Researchers who are funded by grants that include surveys are conducting survey research with a variety of kinds of participants, including minors, minorities, and other groups that are of special interest in terms of payment of incentives. Their survey research often covers sensitive topics and is paired with additional participation requests to subjects, such as additional survey participation, physical measurements, providing physical samples for lab tests, and allowing links to additional databases. The researchers are driven by the need to achieve standards of quality that will allow publication of results in major journals, often in fields where journal reviewers are not familiar with conducting surveys, and they face tight budget constraints. Their work is reviewed by IRBs that have differing or no specific standards for judging the appropriateness of incentive payments.

These researchers seem generally convinced that incentives should be used and are using them in a variety of ways. While some are conducting experiments to determine incentive amounts, others are making practical judgments about how to use them, informed by what others are doing, the influence of IRBs, community standards, and their budget constraints. Some of their approaches are not in line with what is recommended practice based on survey research evidence. Survey researchers who conduct methodological research on incentives may wish to attempt to publish in the non-survey journals when their subject matter is related or in the form of review articles.

The survey field could also inform IRBs about research on incentives and, possibly, conduct research that IRBs would find useful, given their uncertainty about how to make judgments about the appropriateness of incentives. Considering the ethical perspectives along with the practical issues would make research more informative to IRBs and having IRBs develop some standard approaches would make it easier for grant funded researchers.

Table 1. Populations surveyed by whether an incentive was offered

Population Did Not Offer Incentive Did Offer Incentive
General Adult 1 13
  6.7% 18.1%
Adolescents or Students 1 12
  6.7% 16.7%
Older Adults/Elderly 4 11
  26.7% 15.3%
Children age 18 and under 1 3
  6.7% 4.2%
Low income 1 8
  6.7% 11.1%
Physician or Medical Provider 0 15
  0.0% 20.8%
Patient 3 15
  20.0% 20.8%
Special Population 0 2
  0.0% 2.8%
Minority 1 18
  6.7% 25.0%
Other 7 22
  46.7% 30.6%
  n = 15 n = 72

Table 2. Comparison of studies in which incentive was provided and studies in which incentive was not provided

  Provided Incentive Did Not Provide Incentive Total
Time to Complete      
Mean 45.51 27.20 42.31
N 71 15 86
SD 44.703 17.559 41.777
Minimum Number of Follow-Ups      
Mean 2.95 3.44 3.01
N 60 9 69
SD 3.239 2.603 3.151
Maximum Number of Follow-Ups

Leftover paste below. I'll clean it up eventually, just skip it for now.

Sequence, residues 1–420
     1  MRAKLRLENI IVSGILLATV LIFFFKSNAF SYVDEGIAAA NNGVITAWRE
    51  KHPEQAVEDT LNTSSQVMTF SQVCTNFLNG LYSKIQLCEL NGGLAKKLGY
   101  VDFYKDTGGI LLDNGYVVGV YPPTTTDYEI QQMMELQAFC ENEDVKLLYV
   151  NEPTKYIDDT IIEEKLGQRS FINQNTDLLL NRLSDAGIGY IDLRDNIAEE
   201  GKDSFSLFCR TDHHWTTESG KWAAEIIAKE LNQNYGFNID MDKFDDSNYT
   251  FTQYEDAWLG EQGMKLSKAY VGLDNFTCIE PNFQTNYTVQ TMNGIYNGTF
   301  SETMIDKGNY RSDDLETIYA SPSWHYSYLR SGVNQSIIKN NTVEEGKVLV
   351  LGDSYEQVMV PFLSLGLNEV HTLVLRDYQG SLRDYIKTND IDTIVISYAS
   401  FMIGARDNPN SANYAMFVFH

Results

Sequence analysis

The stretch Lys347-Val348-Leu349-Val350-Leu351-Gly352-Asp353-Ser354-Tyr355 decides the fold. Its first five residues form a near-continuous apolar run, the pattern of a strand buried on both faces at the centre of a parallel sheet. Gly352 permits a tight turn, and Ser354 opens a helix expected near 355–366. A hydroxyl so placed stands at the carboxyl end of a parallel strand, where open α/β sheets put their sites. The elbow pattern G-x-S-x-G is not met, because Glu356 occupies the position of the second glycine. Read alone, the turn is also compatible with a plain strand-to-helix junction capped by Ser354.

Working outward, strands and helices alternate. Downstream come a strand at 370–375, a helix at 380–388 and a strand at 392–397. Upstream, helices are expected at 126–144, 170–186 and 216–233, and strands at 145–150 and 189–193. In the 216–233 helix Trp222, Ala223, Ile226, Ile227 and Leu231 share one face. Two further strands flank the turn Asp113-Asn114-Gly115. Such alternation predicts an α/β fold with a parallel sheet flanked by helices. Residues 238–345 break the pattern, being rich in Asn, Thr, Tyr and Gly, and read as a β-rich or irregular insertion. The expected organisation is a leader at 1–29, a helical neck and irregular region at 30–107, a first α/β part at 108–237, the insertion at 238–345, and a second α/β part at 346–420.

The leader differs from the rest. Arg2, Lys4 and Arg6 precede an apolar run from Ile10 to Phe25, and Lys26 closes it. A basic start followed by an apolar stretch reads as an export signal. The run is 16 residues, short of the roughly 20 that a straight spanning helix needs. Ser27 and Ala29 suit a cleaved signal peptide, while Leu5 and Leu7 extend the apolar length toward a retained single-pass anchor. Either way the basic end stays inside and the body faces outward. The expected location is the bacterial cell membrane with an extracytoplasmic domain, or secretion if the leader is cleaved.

Mean 18.82 6.29 17.40
N 55 7 62
SD 68.121 4.309 64.232
Number of Surveys Planning to Collect      
Mean 2307.90 8642.00 3412.69
N 71 15 86
SD 3713.813 18898.566 8719.481
% of Goal Collected      
Mean 90.16% 92.32% 90.55%
N 69 15 84
SD 18.860 23.981 19.726

Table 3. Average incentive amount and time to complete survey for different populations for studies offering an incentive (note that same population may be classified in more than one way)

Population Amount of Incentive ($) Time to Complete Survey (minutes)
General Adult    
Mean 35.77 80.00
N 13 13
SD 30.403 83.292
Adolescents or Students    
Mean 19.18 44.33
N 11 12
SD 15.012 31.431
Older Adults/Elderly    
Mean 24.09 49.55
N 11 11
SD 15.300 23.817
Children age 18 and under    
Mean 18.33 28.33
N 3 3
SD 2.887 11.547
Low income    
Mean 30.88 84.38
N 8 8
SD 37.038 99.371
Physician or Medical Provider    
Mean 15.00 25.29
N 15 14
SD 10.637 15.657
Mean 25.80 60.00
N 15 15
SD 28.340 76.649
Special Population    
Mean 45.00 52.50
N 2 2
SD 28.284 10.607
Mean 32.33 61.94
N 18 18
SD 33.242 72.358
Mean 19.86 38.73
N 22 22
SD 12.438 32.884

Table 4. Reasons for providing survey participants with an incentive

  Main reason Very important Somewhat important Not important N/A Total
Increase response rate 52 13 4 2 0 71
 e 73.2% 18.3% 5.6% 2.8% 0.0% 100.0%
Reduce non-response bias 12 36 15 2 3 68
  17.6% 52.9% 22.1% 2.9% 4.4% 100.0%
Reduce follow-up costs 2 11 22 22 11 68
  2.9% 16.2% 32.4% 32.4% 16.2% 100.0%
Reduce time for data collection 3 12 19 29 5 68
  4.4% 17.6% 27.9% 42.6% 7.4% 100.0%
Help interviewers feel comfortable requesting participation 3 9 14 27 16 69
  4.3% 13.0% 20.3% 39.1% 23.2% 100.0%
Survey organization wanted to pay incentives 0 1 6 23 38 68
  0.0% 1.5% 8.8% 33.8% 55.9% 100.0%
IRB wanted incentives in this study 1 0 4 23 40 68
  1.5% 0.0% 5.9% 33.8% 58.8% 100.0%


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[1] Funding for preparation of this paper was provided by the RAND Corporation Survey Research Group, Santa Monica, CA.